Florida reports 3,494 new coronavirus infections on Sunday; State could reach 100,000 total cases on Monday

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FORT LAUDERDALE, Florida — Gov. Ron DeSantis explains latest coronavirus numbers explains spread is in younger population not high risk older demographic.

Florida added another 3,494 new coronavirus cases on Sunday as the state continues its explosive trend of people testing positive for the disease.

The state now has recorded 97,291 people with COVID-19. At the current pace, Florida will almost certainly hit that the milestone of 100,000 on Monday.

The latest number of new cases is the third highest daily total since the beginning of the pandemic. But it’s fewer than the highs of 4,049 cases the state reported on Saturday and the 3,822 cases on Friday.

Sunday is the fourth consecutive day with at least 3,000 new cases.

Showing just how rapidly the situation has evolved in Florida, people were jolted during the first week in June when the state consistently was recording consecutive days of 1,000-plus cases.

In South Florida, the hardest-hit area in the state:

Broward County: 318 new cases were reported Sunday, bringing the total to 11,155 to date. Three more people died, putting the known death toll at 395.

Palm Beach County: 248 new cases were reported, bringing the total to 10,754. A total of 481 have died, unchanged from Saturday.

Miami-Dade County: Florida’s hot spot saw 710 new cases, bringing the total to 25,790. The county also had 10 more deaths, raising the total to 899. Miami-Dade has 13% of the state’s population but 26.5% of the coronavirus cases and 27.6% of the deaths.

On Saturday, Gov. Ron DeSantis acknowledged the much higher numbers — but sought to allay peoples’ concerns by offering several explanations.

DeSantis acknowledged community spread of the virus but emphasized that the “vast majority” of people with new infections are younger adults who don’t have any symptoms of the disease and generally don’t end up requiring hospitalization.

U.S. Rep. Donna Shalala, D-Miami, a former secretary of the U.S. Department of Health and Human Services, said infections among younger people are serious, and shouldn’t be minimized.

“Younger people that can infect older people. And we don’t know enough about this disease. If a young person gets really sick but they don’t have to go to the hospital, we don’t know what the long-term effects are on them,” Shalala said Sunday on the WPLG-Ch. 10 “This Week In South Florida” program. “This is dangerous, and it’s serious.”

Dr. Scott Gottlieb, former commissioner of the Food and Drug Administration, said Sunday that “when the epidemic is expanding, it’s always worse than what you’re measuring.”

“Given the rate of growth that we’ve seen, we know that there’s community spread now underway in states like Florida, Texas, California, for that matter, too, and Arizona. Those are big states that have a lot of cases they’ve been building. And so this is going to be hard to get under control,” Gottlieb said on the CBS News program “Face the Nation.”

Testing results and trends

The state Department of Health on Sunday reported a total of 1.6 million people have been tested for COVID-19 since the pandemic began. About 6.1% of the tests have been positive.

The rate is higher in South Florida, where 9.2% of people tested have been diagnosed with the disease, according to the data.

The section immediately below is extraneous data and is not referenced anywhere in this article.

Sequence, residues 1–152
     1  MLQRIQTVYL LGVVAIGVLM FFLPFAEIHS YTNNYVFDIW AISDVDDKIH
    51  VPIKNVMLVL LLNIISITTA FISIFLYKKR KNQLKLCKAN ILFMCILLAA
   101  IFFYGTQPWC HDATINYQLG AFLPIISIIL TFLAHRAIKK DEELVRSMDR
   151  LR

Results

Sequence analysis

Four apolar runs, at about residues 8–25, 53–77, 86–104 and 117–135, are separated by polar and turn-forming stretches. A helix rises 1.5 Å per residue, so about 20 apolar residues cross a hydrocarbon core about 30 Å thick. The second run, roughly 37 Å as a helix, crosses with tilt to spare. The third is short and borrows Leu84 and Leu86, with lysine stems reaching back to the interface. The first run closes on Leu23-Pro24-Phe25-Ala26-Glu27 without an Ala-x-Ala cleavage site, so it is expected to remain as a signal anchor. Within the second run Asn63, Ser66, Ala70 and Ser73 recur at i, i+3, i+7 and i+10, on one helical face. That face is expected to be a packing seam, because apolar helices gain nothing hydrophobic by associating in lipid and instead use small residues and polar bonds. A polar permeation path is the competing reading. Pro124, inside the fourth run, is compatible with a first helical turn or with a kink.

Overall, 97,291 people have been diagnosed with coronavirus in Florida. South Florida, home to 29% of Florida’s population, accounts for 49% of the cases, with a total of 47,699.

In the latest results, received by the state on Saturday and reported Sunday, 9.2% of the people swabbed statewide tested positive. That’s based on 38,055 tests since the previous day.

Four weeks ago, on May 24, 5% of the 14,804 tests were positive.

The most recent report, issued Friday, about coronavirus infections among children shows 39,070 children have been swabbed, and 12.3% of them, or 4,809 tested positive. That’s a one-week increase of 1,402 cases.

The report also said 131 children have been treated in hospitals, a one-week increase of 28; none has died from COVID-19 illness.


Statewide: At least 3,254 people have died from the new coronavirus in Florida, 17 more than on Saturday, the state reported.

Residents: The death total includes 3,161 residents and 93 from outside the state.

Vulnerable population: At least 1,653 of the state’s COVID-19 deaths, about half of the total, are people who lived or worked in nursing homes and other long-term care facilities. A total of 11,719 cases have occurred among residents and staff, about 12% of the state’s total cases. The figures come from the the latest weekly report on long-term care facilities, issued Friday.


Statewide: A total of 13,325 people have been treated in Florida hospitals for COVID-19 since the start of pandemic-related record-keeping, an increase of 98 since Saturday. The number of available hospital beds has been declining in recent weeks, records show.

South Florida: Broward, Palm Beach and Miami-Dade counties have had 7,178 people hospitalized, 32 more than 24 hours earlier.

Global view

U.S.: The coronavirus death toll in the United States reached 119,728 on Sunday morning, according to the Coronavirus Resource Center at Johns Hopkins University.

The U.S. has 2.3 million coronavirus cases, the most of any country in the world. At least 44,007 people have died in the national hot spots of New York and New Jersey.

Worldwide: Johns Hopkins also reported more than 8.8 million cases worldwide, with at least 464,952 people dead.

The United States has 4.3% of the world’s population and 25.6% of the world’s cases.

Staff writer Marc Freeman contributed to this report.


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